COMMENT: This is a ridiculous study dressed up in overly complicated scientific language to try and equate domestic cat behaviour with psychopathy, deviant behaviour exclusive to humans. It’s completely idiotic. It’s click-bait science. When you read the study, it appears to be deliberately dressed up in almost unintelligible language to try and give the topic credence; to make it look scientific and useful. It’s baloney. It’s a bunch of scientists who want to create a study to try and benefit themselves. Frankly, I’m tired of scientists using unintelligible language to try and make themselves seem intelligent. They need to learn to write clear English.
It appears that somebody dreamt up the idea perhaps over a cup of tea or a beer in a pub: “Oh, cats are like psychopaths, let’s do a study on it and publish it online. It’ll be fun and who cares about harming the image of domestic cats. Who cares about potentially feeding cat and animal abuse.”
Because when you describe cats as psychopaths or even hint at it, there’s going to be some idiotic animal abuser out there who will pick up on this in the tabloid news media and decide that he has to harm a ‘psychopathic cat’ for his own pleasure. He is doing the world a service.
I would argue that these four female scientists are acting irresponsibly. And the news media have probably misinterpreted their unintelligible report in any case. It is written by scientists for scientist. Reporters are not going to understand it. For example, the study begins like this: “We operationalised the triarchic model of psychopathy (boldness, meanness, and disinhibition) in domestic cats using a cat triarchic (CAT-Tri) questionnaire.”
What the hell does that mean? You have to guess. My guess is that they’re trying to decide whether cats are psychopaths through their behaviour. They hint in that sentence that cats are mean and operate without inhibitions. Complete BS.
And in the discussion section of their report which is normally reserved for conclusions, they don’t come to any conclusions. This is how they end their report: “Overall, the research demonstrates that owner reports of cat behavior generate themes relevant to triarchic psychopathy factors such as aggression (meanness), fearlessness (boldness), and disobedience (disinhibition).”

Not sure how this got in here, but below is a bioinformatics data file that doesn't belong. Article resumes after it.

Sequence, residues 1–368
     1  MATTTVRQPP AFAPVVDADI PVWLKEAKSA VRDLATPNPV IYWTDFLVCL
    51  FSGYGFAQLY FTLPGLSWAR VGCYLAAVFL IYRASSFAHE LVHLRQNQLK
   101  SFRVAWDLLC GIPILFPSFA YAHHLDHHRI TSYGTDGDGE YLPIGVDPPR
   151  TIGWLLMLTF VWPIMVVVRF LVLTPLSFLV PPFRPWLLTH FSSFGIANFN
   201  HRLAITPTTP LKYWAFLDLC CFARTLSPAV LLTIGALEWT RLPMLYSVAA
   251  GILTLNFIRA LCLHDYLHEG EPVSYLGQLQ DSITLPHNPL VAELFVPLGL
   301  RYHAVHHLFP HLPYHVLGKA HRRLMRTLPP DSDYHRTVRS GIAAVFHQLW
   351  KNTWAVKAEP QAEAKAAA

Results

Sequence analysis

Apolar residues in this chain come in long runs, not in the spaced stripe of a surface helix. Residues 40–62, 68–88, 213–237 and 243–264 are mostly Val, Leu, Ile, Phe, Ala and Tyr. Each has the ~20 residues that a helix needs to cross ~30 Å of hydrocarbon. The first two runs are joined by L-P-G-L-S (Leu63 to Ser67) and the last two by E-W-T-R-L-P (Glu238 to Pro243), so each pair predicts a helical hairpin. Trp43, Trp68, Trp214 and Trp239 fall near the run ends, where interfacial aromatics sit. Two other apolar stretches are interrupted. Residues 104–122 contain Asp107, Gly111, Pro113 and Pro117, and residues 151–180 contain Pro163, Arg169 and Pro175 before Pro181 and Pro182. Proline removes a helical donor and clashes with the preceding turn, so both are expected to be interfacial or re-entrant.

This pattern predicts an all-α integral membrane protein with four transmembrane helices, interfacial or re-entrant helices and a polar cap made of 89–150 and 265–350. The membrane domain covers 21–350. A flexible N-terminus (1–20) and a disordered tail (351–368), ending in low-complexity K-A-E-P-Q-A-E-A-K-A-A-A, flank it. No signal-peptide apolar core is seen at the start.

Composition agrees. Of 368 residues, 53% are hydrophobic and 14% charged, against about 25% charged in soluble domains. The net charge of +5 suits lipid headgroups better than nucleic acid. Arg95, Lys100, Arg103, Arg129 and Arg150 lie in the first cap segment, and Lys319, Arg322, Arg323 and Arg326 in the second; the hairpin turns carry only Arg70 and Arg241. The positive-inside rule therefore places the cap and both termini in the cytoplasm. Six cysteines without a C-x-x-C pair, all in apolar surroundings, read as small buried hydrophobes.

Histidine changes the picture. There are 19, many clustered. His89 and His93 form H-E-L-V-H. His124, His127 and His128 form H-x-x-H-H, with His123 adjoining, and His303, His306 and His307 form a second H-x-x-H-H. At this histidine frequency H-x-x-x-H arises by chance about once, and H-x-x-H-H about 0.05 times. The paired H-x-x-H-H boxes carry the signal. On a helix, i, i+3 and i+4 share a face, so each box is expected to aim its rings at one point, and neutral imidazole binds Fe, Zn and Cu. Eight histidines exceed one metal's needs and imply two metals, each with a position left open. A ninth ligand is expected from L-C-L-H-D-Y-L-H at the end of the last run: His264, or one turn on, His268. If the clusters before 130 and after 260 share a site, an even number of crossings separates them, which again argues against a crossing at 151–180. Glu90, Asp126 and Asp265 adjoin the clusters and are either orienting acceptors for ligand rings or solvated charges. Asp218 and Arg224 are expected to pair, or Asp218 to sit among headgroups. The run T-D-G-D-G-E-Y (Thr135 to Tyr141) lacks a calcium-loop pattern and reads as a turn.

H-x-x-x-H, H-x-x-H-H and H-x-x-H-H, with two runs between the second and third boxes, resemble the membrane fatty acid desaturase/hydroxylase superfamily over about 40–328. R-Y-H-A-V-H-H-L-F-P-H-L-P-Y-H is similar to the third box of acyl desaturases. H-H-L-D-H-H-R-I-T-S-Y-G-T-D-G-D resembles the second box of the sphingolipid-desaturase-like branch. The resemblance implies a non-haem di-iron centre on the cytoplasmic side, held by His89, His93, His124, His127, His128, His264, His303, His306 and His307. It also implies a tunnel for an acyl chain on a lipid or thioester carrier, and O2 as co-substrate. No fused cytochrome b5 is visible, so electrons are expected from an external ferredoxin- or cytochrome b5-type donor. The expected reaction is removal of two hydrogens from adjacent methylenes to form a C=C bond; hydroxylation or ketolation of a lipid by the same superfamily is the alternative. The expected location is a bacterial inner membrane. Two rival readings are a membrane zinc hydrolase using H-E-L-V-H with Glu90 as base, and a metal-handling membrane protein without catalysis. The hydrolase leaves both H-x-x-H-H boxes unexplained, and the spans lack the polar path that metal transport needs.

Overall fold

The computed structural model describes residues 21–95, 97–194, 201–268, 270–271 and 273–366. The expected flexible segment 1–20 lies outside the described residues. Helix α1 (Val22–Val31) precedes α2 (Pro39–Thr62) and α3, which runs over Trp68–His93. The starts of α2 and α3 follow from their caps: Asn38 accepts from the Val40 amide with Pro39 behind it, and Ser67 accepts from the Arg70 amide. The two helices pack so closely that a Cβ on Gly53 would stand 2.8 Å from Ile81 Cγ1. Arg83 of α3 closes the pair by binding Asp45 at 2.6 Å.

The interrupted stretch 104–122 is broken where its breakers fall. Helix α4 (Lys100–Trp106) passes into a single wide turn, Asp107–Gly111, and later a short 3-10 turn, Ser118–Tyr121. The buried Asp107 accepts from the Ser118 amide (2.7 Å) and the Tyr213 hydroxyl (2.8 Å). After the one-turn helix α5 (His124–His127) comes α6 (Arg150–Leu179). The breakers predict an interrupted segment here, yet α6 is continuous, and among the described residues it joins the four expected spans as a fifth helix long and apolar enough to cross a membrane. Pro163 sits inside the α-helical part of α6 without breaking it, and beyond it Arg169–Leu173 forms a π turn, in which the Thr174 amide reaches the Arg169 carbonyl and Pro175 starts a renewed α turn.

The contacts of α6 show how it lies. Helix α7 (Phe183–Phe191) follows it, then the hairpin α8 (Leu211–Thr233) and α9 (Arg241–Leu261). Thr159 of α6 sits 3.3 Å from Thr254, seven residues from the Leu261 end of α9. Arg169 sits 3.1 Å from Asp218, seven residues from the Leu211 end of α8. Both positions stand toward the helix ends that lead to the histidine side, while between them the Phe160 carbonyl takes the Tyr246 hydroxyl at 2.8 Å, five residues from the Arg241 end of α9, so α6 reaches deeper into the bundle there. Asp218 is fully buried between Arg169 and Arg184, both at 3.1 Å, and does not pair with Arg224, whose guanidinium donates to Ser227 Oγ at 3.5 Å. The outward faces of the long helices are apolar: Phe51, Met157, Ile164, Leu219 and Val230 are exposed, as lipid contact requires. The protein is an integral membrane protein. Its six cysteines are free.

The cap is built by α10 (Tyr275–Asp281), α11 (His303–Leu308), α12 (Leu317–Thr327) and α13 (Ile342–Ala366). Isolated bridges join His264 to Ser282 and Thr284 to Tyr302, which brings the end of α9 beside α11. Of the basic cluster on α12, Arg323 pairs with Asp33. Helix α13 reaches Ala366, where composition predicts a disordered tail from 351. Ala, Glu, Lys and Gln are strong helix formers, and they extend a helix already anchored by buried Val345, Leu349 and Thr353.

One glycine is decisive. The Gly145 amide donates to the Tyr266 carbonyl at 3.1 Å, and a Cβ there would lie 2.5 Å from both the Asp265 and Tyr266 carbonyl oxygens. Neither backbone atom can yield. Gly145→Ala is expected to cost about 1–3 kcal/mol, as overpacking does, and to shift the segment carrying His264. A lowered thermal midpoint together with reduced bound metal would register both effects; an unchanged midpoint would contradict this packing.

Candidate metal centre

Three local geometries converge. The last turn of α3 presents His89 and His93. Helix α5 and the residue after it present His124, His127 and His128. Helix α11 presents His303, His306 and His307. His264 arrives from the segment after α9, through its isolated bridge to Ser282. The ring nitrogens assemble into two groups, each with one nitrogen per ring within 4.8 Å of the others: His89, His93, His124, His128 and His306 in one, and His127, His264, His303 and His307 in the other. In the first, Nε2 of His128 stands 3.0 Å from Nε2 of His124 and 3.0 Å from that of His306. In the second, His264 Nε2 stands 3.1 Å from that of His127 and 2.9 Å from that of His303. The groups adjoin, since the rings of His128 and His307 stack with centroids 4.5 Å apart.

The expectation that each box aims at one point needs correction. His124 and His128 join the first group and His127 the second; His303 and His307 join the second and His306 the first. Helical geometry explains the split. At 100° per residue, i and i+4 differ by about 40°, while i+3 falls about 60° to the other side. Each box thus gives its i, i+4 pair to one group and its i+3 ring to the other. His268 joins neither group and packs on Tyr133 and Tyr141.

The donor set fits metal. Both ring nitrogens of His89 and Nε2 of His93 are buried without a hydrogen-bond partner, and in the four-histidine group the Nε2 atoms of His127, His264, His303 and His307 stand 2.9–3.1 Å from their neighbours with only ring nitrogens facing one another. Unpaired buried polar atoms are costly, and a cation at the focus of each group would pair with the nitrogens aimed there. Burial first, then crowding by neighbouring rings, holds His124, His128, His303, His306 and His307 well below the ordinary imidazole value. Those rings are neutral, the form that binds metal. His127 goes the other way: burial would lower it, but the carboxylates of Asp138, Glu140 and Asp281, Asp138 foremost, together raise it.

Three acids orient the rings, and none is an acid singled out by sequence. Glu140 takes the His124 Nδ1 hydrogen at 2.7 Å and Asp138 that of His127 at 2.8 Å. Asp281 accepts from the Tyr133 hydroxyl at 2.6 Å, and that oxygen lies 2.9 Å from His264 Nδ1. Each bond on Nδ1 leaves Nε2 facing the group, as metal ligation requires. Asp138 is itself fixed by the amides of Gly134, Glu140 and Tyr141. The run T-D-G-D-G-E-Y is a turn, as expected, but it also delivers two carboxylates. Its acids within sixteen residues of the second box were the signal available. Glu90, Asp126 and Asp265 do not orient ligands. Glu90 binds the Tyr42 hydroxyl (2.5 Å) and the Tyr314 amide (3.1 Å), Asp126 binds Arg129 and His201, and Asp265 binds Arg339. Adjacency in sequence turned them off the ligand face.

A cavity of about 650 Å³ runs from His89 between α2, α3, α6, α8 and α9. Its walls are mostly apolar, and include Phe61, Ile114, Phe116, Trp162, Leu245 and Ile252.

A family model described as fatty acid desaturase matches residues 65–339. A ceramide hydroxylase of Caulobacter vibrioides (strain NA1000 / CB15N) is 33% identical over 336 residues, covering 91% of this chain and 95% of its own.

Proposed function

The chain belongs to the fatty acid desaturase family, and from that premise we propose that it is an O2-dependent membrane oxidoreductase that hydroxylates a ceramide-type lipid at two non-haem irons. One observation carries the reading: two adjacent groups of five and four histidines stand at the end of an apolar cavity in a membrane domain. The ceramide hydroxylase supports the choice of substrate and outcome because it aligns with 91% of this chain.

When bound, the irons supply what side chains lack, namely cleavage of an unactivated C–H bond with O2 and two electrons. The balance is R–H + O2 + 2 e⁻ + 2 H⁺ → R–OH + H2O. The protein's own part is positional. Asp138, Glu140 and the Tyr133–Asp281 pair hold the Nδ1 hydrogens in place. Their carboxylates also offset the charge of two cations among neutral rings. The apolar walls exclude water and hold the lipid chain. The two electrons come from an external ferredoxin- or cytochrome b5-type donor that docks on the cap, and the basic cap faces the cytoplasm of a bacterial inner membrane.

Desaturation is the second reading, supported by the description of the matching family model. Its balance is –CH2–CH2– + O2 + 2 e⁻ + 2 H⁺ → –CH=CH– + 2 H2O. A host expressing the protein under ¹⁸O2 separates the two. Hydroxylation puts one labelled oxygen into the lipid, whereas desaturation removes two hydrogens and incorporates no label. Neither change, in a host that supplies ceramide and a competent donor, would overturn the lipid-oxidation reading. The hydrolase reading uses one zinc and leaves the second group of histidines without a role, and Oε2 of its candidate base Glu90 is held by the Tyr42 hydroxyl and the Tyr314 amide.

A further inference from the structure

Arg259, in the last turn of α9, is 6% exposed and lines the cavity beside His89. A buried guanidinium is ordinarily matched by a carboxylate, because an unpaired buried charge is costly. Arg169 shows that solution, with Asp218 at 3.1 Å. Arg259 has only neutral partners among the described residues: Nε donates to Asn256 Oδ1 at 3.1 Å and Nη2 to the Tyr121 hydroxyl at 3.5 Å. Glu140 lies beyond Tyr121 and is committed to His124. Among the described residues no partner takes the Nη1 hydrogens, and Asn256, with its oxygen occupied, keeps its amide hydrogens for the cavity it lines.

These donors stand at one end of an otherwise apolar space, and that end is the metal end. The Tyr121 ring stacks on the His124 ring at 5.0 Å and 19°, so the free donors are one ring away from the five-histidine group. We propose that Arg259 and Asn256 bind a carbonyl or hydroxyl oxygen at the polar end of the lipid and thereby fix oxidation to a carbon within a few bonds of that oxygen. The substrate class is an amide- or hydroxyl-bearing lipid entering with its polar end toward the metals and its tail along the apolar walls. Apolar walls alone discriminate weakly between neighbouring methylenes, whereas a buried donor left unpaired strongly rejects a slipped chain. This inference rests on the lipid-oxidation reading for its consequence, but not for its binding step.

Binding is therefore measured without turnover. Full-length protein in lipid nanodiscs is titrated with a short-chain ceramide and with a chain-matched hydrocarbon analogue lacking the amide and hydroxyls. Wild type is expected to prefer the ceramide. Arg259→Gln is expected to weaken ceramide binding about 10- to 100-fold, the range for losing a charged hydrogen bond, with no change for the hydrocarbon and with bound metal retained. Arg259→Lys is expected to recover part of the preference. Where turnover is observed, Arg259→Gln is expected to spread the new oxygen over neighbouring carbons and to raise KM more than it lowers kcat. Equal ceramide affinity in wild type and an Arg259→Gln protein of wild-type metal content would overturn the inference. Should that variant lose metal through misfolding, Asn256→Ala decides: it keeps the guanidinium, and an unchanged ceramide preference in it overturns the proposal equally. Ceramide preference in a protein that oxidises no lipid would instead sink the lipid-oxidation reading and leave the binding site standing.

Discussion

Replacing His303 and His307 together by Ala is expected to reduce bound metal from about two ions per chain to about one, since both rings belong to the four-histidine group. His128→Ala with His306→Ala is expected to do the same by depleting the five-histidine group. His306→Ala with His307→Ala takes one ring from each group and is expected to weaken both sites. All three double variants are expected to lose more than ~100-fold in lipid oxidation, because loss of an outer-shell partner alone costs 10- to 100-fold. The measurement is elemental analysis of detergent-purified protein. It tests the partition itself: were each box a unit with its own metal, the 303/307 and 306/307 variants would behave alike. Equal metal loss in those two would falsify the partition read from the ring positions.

What does that mean for God’s sake? What does “generate themes relevant to triarchic psychopathy factors” mean? It’s all dressed up mumbo-jumbo.
The basic premise for the research is entirely wrong. You don’t project psychopathic human behaviour onto domestic cats. The scientists are assessing domestic cats through the lens of human behavioural problems. It’s ridiculous. It’s unhelpful. They should know better.
There are too many scientists, too eager to create studies to improve their curriculum vitae and many of the studies are frankly useless. If they aren’t inaccurate, they might be biased and if they are biased the study topic is unhelpful.
It wouldn’t surprise me if these four scientists were the kind of people who dislike cats. Bias is present within scientists. They are no different to anybody else. Can they keep their bias out of their studies? Sometimes they can’t. I have written about one such scientist.
Forget this study. Consign it to the dustbin. You can’t equate psychopathic human behaviour with feline behaviour. It’s as simple as that and it’s foolhardy to try and it may damage the image of the domestic cat.
The scientists and the study: Rebecca Evans (University of Liverpool, UK), Minna Lyons (Liverpool John Moores University), Gayle Brewer, Emily Bethell. A domestic cat (Felis silvestris catus) model of triarchic psychopathy factors: Development and initial validation of the CAT-Tri+ questionnaire.
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